From his gap-tooth grin to his recently released game ‘SQUISH ‘EM’ - wherein the aim of the game is to kill cockroaches by well, squishing them with a cigarette brand of your choice - noted larrikin Mac DeMarco inhabits the stoner/slacker trope comfortably, except when he doesn’t. Sophomore albums are too often touted as ‘coming of age’ narratives, but DeMarco makes it hard not to draw your own conclusions when the first lines on the album Salad Days are ‘as I’m getting older / chip up on my shoulder / rolling through life / to roll over and die’. The twenty-something angst gathers momentum from there, although as always, DeMarco refrains from taking himself too seriously.
In Salad Days, it feels as though DeMarco is addressing a series of man-children who may or may not be himself. The tenderly mocking ‘Blue Boy’, which sounds a little like John Lennon’s ‘Beautiful Boy’ revised for a hip young thing, addresses the painful self-consciousness of youth, while the smoother groove ‘Brother’ pays homage to eighties emo-pop while cautioning against hurrying towards middle age, and the more melancholy ‘Treat Her Better’ channels some of DeMarco’s own oeuvre, all queasy stoner-blues.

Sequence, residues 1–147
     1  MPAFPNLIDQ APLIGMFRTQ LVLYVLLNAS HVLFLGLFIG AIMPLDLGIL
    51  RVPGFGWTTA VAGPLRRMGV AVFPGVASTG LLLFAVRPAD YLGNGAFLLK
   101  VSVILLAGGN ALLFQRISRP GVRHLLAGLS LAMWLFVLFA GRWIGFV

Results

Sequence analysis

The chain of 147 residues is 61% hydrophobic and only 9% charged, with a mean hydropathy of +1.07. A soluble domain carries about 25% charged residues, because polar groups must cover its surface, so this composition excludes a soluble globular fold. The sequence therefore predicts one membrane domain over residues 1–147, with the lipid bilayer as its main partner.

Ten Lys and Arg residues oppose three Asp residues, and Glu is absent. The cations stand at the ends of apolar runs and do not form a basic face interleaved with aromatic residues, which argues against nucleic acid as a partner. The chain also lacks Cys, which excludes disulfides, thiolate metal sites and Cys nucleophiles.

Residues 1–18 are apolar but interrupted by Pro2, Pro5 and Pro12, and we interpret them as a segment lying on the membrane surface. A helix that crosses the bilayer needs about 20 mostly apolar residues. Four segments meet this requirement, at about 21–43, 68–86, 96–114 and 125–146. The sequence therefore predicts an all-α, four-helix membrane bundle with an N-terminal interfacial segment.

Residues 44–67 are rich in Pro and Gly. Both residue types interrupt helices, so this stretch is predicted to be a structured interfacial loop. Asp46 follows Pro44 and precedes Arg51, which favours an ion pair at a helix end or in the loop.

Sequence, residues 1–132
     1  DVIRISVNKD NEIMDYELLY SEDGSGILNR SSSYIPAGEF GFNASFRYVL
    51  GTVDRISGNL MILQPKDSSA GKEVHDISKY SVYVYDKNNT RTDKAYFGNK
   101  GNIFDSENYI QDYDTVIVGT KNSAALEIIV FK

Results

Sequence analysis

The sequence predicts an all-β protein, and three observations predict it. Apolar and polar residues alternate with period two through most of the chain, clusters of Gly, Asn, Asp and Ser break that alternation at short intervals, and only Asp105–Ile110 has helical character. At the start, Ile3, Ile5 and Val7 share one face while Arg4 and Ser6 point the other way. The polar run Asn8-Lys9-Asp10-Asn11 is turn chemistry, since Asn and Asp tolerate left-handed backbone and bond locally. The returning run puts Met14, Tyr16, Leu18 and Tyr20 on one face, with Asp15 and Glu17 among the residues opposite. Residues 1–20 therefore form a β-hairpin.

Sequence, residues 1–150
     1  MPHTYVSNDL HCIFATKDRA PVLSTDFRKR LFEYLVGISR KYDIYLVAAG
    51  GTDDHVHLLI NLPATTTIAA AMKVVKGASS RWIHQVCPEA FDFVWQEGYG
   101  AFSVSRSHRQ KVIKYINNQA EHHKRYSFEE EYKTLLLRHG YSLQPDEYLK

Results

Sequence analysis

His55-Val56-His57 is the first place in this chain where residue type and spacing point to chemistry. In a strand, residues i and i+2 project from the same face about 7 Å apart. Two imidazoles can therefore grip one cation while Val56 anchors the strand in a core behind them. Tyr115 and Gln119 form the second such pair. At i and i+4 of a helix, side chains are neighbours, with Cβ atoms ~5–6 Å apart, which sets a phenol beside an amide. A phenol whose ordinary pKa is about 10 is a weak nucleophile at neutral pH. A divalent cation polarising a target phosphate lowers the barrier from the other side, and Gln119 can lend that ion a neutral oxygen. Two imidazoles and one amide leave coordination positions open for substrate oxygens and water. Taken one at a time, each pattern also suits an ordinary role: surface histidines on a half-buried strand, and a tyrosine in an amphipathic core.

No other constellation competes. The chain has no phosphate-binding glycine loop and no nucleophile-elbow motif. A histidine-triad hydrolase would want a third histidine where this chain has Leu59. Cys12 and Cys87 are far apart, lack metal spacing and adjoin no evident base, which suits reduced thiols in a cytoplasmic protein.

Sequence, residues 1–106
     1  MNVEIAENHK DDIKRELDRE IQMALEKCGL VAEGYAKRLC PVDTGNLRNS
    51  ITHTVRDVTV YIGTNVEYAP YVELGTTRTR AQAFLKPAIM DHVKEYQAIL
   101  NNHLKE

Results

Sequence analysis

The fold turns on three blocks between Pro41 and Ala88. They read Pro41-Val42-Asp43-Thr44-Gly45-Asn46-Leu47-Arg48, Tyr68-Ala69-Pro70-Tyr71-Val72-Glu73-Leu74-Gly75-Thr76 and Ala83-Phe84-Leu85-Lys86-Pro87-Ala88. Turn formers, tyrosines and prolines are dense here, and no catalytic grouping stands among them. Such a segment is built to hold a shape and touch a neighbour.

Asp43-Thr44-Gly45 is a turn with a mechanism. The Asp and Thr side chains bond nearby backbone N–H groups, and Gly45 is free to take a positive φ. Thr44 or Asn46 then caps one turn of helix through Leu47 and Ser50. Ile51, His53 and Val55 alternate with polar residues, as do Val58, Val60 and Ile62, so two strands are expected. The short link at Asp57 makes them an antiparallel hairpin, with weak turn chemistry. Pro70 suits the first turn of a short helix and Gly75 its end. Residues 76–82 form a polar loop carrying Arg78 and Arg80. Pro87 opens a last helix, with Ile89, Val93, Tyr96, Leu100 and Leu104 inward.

If that sounds like a lot of styles and influences, it is. Part of Mac DeMarco’s style is eclecticism, both in the way that he treats music history as a buffet, and in the instruments used – from slick eighties-style keyboard on ‘Passing Out Pieces’ to what could be a marimba on deceptively simple love song ‘Let My Baby Stay’. Generally, what holds it all together is DeMarco’s wise-cracking tone – but even that falters while crooning ‘what mom don’t know / has taken its toll on me’. Still, you can bet that Mac won’t be wearing a quivery lip for long, and neither, judging by the consistent and even mature output he seems to be capable of delivering, will his listeners.